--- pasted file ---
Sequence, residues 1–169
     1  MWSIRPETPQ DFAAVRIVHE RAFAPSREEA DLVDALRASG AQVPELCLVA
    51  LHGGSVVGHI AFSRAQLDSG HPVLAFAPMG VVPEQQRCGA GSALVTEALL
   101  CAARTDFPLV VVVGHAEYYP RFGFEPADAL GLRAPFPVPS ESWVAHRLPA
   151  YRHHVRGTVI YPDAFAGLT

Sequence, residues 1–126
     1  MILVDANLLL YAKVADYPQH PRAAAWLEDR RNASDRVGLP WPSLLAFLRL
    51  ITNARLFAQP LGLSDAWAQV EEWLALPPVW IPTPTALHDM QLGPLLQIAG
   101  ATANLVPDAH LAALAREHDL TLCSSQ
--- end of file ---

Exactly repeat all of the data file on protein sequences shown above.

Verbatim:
Sequence, residues 1–169
     1  MWSIRPETPQ DFAAVRIVHE RAFAPSREEA DLVDALRASG AQVPELCLVA
    51  LHGGSVVGHI AFSRAQLDSG HPVLAFAPMG VVPEQQRCGA GSALVTEALL
   101  CAARTDFPLV VVVGHAEYYP RFGFEPADAL GLRAPFPVPS ESWVAHRLPA
   151  YRHHVRGTVI YPDAFAGLT

Sequence, residues 1–126
     1  MILVDANLLL YAKVADYPQH PRAAAWLEDR RNASDRVGLP WPSLLAFLRL
    51  ITNARLFAQP LGLSDAWAQV EEWLALPPVW IPTPTALHDM QLGPLLQIAG
   101  ATANLVPDAH LAALAREHDL TLCSSQ